Many people have a desire to dance. Whether for personal enrichment or fitness, or as a hobby, dancing is a great form of self-expression. "Formal" dancing has taken a back seat to the more free-form rock and roll dancing, but lessons are still available for almost any form of dance, from swing to salsa. When looking for a place to take dance lessons, a person should consider what kind of dance he or she is interested in, for what purpose, and the cost.
The first point to consider is: what kind of dance? Someone who dislikes couples dancing probably shouldn't take ballroom, and a person who dislikes country music shouldn't get into line dancing. The person should consider his or her music and dance preferences, as well as fitness level. Some forms of dance, such as salsa and ballroom, can be very physically demanding, while others are more easily adapted to an individual's fitness level. Some dances are also found more often outside a studio than others. Most places with a dance floor may have people line dancing on it, and some centers offer square dancing or country dancing groups. A person should consider how much he will be able to use his dancing skills outside class.
A second consideration is purpose. Why do you want to dance? Are you getting married and want to learn to waltz? Do you want to line dance at your favorite club? Do you want to learn to two-step and waltz as a couple? Is there a long-unrealized passion to get into ballroom dancing as a serious hobby? Or, do you just want to do something positive to enrich your life? All of these are valid reasons for wanting to learn to dance, and should be considered when looking for dance lessons.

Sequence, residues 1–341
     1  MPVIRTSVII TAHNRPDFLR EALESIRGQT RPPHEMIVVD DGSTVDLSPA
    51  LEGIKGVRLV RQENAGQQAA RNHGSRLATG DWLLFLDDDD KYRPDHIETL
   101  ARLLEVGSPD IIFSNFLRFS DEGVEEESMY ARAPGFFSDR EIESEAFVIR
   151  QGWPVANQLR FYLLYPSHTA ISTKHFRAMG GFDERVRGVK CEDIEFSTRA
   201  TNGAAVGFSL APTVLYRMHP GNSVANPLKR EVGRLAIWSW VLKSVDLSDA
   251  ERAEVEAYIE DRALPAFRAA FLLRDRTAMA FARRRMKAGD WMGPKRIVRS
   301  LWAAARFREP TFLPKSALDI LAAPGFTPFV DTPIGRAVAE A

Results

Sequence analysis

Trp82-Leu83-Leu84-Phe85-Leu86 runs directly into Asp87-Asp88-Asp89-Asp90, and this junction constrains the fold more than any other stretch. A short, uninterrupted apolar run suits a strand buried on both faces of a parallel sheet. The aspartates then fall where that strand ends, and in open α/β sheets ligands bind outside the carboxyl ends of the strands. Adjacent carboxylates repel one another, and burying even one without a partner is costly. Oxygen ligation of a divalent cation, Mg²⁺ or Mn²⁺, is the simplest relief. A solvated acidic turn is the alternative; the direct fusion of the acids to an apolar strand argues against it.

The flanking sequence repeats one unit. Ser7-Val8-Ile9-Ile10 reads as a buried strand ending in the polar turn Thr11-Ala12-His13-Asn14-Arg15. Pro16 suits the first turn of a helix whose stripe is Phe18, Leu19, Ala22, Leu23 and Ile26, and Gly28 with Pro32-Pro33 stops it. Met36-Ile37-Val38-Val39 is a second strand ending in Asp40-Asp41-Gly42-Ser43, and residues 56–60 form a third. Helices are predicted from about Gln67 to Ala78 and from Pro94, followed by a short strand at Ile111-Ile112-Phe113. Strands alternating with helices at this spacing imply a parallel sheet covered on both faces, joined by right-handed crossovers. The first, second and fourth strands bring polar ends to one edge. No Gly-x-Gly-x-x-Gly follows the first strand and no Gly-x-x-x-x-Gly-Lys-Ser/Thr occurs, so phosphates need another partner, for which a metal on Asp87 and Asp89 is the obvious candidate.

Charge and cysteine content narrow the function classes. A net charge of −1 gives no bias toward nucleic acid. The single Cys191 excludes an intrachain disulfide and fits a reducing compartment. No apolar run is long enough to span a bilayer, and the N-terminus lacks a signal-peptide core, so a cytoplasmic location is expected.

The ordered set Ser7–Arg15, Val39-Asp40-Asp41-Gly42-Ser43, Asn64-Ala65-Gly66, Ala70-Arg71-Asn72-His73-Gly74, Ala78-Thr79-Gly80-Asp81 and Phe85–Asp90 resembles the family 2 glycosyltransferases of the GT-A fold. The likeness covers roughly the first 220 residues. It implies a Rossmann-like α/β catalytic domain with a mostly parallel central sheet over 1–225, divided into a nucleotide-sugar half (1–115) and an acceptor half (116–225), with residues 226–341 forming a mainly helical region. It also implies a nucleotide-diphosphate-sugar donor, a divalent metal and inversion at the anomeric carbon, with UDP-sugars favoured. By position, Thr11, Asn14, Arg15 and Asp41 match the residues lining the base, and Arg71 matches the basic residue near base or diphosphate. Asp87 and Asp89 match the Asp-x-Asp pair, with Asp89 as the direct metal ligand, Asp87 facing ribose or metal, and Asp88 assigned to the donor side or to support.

An individual needs to think about how proficient he wants to become in his chosen area of dance, and should think about looking for classes and instructors at that level. For personal enjoyment, a community education class may be sufficient, while someone looking at a serious hobby may want to opt for lessons at a professional studio. Some people may even find that a video or DVD gives them enough instruction in their chosen dance form.
Cost is a third factor. Many clubs offer line dance lessons for a minimal fee, while intricate ballroom dance lessons will naturally cost much more. Anyone who knows the steps can teach line dancing, for instance, but a dancer will pay more for the expert tutelage required in more formal dancing. Some clubs or studios offer a discount for couples, while others do not. The person needs to consider whether he or she will need a partner to take the dance lessons, or if one will be provided.
Another question for those considering a studio is the contract. The person needs to consider whether what she wants from the dance lessons is worth the package price. Like a gym, she may be stuck paying the entire price, even if she stops taking the dance lessons. One option may be a per-class fee, so an individual can stop when he feels it is appropriate.
Someone who wishes to learn dance may look online for dance lessons in their area, but a good place to start is almost always a hobby club for dancers. Even if a square-dance club, say, doesn't specialize in ballroom, chances are they will know of a local ballroom group or instructor, and the dancer can begin there. Hobby clubs for dance also provide great opportunities to get to know other dancers in the area, as well as practice and tips from experienced dancers. Dancing, regardless of the kind, is an enjoyable recreation and nearly everyone can participate in some form of it.